LTL vs FTL: How to Decide Between Less than Truckload and Full Truckload

As a business owner or decision-maker, you may be trying to decide between LTL vs. FTL shipping and wondering which option best suits your business objectives in today’s competitive shipping market. There are several factors to consider when choosing LTL shipping or FTL shipping, including cost, carrier transit times, delivery schedules, how many pallets you are shipping, and the nature of the product you are shipping. Let’s break it down.

What is LTL Freight?

LTL freight or less-than-load freight is when more than one business’s freight is loaded onto a single truck. LTL shipping fills a single truck with as much product as possible from multiple businesses, maximizing efficiency for the carrier and therefore costs to you, the business owner.

Shipments of between one and six pallets are ideal for LTL shipping, best for business owners moving small amounts of product. One factor to consider when deciding between LTL vs. FTL is the current shortage of truck drivers, resulting in an increase in driver compensation, a cost often passed on to the shipping consumer.

Another factor to consider is the number of times a truck carrying an LTL load must stop to deliver other businesses’ goods, resulting in longer transit times. However, if you are comfortable with a pickup and delivery date range and your product load is small, LTL remains a cost-effective choice.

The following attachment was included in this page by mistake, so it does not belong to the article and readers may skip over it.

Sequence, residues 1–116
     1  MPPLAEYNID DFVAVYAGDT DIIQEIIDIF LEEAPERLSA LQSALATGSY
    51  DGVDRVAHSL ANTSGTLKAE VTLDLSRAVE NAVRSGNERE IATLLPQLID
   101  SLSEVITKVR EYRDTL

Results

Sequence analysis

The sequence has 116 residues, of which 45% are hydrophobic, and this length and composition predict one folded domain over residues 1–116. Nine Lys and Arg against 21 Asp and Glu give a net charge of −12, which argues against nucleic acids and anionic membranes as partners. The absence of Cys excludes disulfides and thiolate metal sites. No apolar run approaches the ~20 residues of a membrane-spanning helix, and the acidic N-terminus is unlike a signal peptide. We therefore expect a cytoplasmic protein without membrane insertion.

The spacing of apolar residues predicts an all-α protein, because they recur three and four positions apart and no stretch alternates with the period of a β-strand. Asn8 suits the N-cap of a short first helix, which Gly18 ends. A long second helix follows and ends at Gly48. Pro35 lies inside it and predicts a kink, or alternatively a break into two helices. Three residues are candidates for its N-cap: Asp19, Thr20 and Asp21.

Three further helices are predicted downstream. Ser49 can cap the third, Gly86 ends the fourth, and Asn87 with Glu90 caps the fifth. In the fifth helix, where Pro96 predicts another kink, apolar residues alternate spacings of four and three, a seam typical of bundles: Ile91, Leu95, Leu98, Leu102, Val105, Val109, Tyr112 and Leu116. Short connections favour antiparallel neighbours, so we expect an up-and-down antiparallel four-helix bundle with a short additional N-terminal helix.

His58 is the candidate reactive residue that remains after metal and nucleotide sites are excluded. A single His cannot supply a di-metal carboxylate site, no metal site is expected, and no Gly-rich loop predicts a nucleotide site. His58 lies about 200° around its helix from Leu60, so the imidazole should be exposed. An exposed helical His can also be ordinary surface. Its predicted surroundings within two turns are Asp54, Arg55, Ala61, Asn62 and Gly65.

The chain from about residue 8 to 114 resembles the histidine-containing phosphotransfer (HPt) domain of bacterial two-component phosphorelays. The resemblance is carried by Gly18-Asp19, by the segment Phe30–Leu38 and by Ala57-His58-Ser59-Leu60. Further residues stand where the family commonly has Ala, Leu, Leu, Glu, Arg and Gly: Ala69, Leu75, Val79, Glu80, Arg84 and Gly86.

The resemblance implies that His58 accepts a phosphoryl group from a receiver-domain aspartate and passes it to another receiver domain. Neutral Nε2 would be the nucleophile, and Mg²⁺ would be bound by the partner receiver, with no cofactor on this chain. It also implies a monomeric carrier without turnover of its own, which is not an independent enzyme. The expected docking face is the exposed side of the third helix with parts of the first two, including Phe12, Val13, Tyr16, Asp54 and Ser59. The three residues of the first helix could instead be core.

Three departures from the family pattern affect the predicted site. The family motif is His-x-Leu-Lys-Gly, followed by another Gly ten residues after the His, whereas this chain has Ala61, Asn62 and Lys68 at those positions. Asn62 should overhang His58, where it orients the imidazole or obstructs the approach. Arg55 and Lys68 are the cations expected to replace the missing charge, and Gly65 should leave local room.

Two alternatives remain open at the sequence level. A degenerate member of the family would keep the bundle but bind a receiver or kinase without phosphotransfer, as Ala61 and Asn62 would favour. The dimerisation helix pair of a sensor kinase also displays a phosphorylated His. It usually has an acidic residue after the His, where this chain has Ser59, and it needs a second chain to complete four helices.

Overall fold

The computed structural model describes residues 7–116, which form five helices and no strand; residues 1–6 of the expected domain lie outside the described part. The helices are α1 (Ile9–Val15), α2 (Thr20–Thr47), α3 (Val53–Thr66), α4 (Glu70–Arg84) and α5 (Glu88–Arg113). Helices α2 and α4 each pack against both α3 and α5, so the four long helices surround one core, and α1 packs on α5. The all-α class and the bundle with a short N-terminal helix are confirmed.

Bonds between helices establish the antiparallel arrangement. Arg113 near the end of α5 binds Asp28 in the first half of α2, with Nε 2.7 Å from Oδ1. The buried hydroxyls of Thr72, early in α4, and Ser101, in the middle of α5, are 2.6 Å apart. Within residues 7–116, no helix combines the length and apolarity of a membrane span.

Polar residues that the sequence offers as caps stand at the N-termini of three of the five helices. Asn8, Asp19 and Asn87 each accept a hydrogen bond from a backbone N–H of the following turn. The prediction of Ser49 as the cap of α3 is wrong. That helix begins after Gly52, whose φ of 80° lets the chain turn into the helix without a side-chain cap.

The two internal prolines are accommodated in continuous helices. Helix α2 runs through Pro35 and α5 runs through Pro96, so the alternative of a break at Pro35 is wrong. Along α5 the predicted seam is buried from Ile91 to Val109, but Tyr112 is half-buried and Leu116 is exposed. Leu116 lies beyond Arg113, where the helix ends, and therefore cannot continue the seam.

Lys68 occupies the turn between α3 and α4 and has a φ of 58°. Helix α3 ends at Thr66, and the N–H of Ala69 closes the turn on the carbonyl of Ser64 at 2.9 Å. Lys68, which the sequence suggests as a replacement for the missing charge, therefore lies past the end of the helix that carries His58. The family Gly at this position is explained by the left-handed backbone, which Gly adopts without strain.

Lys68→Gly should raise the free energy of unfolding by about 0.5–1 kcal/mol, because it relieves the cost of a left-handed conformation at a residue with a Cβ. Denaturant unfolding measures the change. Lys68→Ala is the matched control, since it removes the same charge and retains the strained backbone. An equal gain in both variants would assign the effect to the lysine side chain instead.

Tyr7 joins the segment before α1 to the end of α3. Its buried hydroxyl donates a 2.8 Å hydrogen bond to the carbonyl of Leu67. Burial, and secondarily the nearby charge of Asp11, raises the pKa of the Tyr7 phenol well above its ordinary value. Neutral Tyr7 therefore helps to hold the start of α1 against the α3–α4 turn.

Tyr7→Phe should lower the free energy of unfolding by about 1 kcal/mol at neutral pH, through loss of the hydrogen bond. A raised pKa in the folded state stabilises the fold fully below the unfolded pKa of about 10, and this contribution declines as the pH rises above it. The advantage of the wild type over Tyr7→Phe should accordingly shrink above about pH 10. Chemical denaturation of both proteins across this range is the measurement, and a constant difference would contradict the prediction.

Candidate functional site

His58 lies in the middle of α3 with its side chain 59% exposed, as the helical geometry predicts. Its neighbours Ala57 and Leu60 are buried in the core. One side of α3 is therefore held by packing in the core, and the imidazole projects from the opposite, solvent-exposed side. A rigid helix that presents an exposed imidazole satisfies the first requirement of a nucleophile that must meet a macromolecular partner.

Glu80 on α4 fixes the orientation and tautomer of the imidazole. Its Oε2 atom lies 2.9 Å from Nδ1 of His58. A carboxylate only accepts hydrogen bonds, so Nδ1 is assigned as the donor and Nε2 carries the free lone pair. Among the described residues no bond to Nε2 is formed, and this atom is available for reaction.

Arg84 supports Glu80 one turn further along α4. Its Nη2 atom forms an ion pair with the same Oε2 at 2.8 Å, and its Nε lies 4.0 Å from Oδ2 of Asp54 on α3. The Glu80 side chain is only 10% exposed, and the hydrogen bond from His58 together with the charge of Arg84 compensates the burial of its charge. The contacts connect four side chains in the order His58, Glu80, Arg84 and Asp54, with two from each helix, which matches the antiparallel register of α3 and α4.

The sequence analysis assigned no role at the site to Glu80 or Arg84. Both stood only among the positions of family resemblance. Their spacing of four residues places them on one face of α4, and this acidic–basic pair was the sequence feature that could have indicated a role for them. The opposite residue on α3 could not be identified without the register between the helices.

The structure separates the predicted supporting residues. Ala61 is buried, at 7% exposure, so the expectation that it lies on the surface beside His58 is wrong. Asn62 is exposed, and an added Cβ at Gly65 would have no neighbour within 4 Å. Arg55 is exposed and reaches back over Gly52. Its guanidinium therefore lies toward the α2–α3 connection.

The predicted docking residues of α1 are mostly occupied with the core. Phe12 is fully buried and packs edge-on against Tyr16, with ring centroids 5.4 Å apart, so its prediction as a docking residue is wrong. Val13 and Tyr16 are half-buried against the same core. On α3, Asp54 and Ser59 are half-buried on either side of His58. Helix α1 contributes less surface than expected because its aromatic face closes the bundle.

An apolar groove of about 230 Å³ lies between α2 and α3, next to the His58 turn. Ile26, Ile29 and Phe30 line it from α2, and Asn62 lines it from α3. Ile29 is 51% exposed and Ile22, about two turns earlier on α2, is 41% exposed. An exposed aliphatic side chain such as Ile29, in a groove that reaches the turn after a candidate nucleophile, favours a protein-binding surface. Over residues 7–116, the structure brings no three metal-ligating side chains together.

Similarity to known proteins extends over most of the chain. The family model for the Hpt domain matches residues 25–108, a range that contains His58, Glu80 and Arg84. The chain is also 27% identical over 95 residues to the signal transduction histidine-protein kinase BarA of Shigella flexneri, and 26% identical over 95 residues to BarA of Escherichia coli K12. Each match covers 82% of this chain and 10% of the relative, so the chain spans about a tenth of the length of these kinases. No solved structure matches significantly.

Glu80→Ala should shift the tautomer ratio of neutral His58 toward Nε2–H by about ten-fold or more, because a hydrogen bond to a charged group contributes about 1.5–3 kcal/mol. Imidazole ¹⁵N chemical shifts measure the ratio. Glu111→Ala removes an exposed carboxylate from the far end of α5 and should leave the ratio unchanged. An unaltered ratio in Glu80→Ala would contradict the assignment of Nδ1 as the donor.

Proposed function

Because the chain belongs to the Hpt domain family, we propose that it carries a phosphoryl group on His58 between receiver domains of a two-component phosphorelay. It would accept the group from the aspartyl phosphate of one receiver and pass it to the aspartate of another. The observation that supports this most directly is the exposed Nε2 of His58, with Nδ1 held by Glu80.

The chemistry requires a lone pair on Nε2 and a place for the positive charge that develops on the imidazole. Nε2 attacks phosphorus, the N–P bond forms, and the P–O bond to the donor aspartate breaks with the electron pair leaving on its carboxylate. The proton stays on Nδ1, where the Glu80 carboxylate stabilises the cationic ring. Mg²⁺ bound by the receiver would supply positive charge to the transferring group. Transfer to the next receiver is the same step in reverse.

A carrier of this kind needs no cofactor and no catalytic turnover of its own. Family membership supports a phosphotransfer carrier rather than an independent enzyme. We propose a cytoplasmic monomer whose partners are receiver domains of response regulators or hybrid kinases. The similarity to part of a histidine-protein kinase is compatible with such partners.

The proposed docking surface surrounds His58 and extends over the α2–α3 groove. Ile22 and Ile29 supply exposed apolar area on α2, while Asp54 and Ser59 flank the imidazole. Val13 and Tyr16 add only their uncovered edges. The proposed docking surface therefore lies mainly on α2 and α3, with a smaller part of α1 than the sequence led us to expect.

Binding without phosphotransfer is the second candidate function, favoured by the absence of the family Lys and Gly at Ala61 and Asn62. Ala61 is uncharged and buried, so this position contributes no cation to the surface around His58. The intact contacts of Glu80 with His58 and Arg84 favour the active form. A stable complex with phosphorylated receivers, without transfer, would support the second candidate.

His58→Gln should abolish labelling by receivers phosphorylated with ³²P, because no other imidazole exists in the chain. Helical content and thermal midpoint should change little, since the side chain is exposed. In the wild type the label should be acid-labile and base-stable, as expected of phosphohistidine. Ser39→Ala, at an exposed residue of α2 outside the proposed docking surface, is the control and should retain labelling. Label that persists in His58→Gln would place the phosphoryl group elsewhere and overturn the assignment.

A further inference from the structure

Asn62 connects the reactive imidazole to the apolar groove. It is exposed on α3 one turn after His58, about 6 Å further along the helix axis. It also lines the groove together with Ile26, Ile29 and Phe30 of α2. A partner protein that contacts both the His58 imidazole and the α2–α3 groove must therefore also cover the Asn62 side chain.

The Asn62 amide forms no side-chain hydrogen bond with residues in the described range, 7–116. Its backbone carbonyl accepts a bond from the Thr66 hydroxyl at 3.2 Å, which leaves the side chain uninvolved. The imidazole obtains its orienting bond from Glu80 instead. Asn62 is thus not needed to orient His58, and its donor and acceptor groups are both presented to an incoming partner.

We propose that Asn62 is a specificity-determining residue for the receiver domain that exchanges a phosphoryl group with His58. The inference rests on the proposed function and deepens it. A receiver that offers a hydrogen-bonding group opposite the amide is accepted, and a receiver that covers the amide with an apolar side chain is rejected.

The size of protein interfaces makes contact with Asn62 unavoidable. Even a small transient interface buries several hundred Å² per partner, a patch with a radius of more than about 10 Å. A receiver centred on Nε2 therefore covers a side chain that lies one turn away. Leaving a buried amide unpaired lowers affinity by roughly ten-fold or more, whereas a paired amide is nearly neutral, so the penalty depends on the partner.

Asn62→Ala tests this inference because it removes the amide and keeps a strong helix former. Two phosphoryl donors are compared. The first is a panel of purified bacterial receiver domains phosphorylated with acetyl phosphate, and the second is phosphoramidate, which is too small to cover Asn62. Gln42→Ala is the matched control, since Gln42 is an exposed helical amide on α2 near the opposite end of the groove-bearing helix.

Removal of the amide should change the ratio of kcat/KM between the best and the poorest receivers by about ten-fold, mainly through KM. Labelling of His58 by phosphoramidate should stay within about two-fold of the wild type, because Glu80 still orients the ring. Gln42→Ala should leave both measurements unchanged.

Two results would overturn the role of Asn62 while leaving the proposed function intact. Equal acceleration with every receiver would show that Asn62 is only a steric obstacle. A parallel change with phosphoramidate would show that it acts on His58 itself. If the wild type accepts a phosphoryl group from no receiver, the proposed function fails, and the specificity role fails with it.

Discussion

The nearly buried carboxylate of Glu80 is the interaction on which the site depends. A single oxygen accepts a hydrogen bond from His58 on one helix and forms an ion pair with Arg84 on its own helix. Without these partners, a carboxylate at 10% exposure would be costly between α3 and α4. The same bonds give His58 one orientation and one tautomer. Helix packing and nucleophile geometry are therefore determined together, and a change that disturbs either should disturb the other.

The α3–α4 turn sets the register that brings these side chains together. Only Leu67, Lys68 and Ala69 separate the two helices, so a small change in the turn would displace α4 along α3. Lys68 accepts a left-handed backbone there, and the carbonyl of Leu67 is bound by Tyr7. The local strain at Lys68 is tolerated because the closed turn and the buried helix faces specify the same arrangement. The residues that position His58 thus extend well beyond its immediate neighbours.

What is FTL Freight?

FTL freight or full-truckload freight is when one business’s product takes up an entire truck’s shipping space. Since your product is the only product being shipped, you have exclusive control of the truck.

Your shipment won’t come into contact with another business’s product or be loaded and unloaded at multiple stops. You won’t be subject to another business’s delivery schedule.

Your business’s delivery will take priority with firm pickup and drop-off dates. Transit time is reduced since your product is the only one on board, avoiding the numerous stops associated with LTL shipping. So, any logistics challenges, especially those caused by the COVID-19 pandemic, can be addressed with the focus remaining on your company’s needs.

How Do I Get the Best LTL vs. FTL Rates?

In your choice between LTL vs. FTL shipping, cost will be a major consideration. If you are shipping six or fewer pallets of product, LTL shipping may be a cost-saver for you. However, if your product is fragile or you require a hard delivery date, FTL shipping will better suit your needs.

For both LTL and FTL shipping, scheduling pickups and deliveries on off-peak days will save on costs. It can also help your company develop a good working relationship with a specific shipping company, enabling you to negotiate the best rates in the future.

LTL vs. FTL: Which is Best for My Business?

The decision between LTL vs. FTL is just one of the many business questions that may be keeping you up at night. In regards to shipping, the answer comes down to your business objectives. LTL shipping is best for business owners with small shipments and flexible delivery schedules. FTL shipping is suitable for business owners needing exclusive control over a truck or shipping fragile product with firm delivery dates. As your business needs and the shipping landscape change, these considerations will dictate whether LTL or FTL shipping is best for you. Don’t let shipping become a bottleneck in your supply chain.

The Nexterus suite of services offers both LTL and FTL shipping solutions to meet the demands of your business. Our experienced supply chain team will engage a reliable and cost-effective provider for your shipping needs.

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